Cray Cullen's Blog
Should you cosign on a mortgage loan to help someone else buy a house?
Hopeful home buyers who lack the necessary credit history, W-2 income or overall income versus their debt can face problems getting a mortgage lender to approve a loan. Borrowers with a 43% or higher debt-to-income ratio may learn their income doesn't suffice. Yet if a cosigner steps up, promising to pay the mortgage if needed, the loan might be approved.
If you are the one who steps in, it's highly likely that your name will actually be on the title. Most lenders want it that way, so the asset can be pledged as collateral by both of you.
Are You Prepared to Do More Than Simply Cosign the Loan? Should You?
So, if the mortgage company asks you to serve as a co-borrower, not just a cosigner, understand the lender's expectations. Does the lender expect you to become a co-owner? If so, your name will appear, along with the primary borrower's, on the deed — even if you never set foot in the house and don't expect to pay anything.
If the person you are helping ever gets in a bind and can't make a mortgage payment, you'll be second in line to pay. And your credit report will be dented if you don't.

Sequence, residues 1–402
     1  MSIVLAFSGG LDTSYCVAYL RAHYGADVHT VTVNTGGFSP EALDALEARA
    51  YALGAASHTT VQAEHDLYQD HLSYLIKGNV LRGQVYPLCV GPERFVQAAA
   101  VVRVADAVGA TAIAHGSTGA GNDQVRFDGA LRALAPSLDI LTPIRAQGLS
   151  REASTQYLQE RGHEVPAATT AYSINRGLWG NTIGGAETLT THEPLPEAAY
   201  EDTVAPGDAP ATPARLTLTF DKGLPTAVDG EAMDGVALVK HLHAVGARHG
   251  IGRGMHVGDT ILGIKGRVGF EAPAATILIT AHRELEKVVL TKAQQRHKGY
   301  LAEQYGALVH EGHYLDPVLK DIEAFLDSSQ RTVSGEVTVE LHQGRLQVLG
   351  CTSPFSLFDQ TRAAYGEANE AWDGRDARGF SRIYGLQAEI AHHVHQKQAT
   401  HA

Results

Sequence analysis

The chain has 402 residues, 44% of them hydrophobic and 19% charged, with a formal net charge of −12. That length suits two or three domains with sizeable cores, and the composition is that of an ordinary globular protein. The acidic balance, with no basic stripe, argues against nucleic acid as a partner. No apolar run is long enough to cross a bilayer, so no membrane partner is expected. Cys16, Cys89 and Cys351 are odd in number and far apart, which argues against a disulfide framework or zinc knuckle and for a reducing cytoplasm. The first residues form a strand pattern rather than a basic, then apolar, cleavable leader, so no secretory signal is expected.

Were you a mere cosigner, you'd be asked to pay the debt but never have a claim to the value of the home. In other words, mere cosigners get liability for the debt — without the asset.
What Does a Good Outcome Look Like?
Of course, you want the person you're helping to enjoy living in the home, to pay the monthly mortgage and, ultimately, to apply for a new loan that refinances the debt and turns the primary borrower into the sole borrower and the sole owner.
Even if you are 100% sure all will go as planned, it's a good idea to have a lawyer draw up a binding agreement that memorializes the primary borrower's intent to let you off the title, deed, mortgage and homeowner's insurance policy by a date certain after closing on the home. It will keep the primary borrower focused on making regular mortgage payments and developing strong credit, anticipating the refinancing application process.
When the primary buyer successfully refinances the home mortgage, it will be time for you to take your name off the title. You can sign a quitclaim deed to release yourself from ownership.
Then you can congratulate yourself for enabling someone to buy a home. And congratulate the new homeowner for keeping both of your credit ratings as strong as your relationship.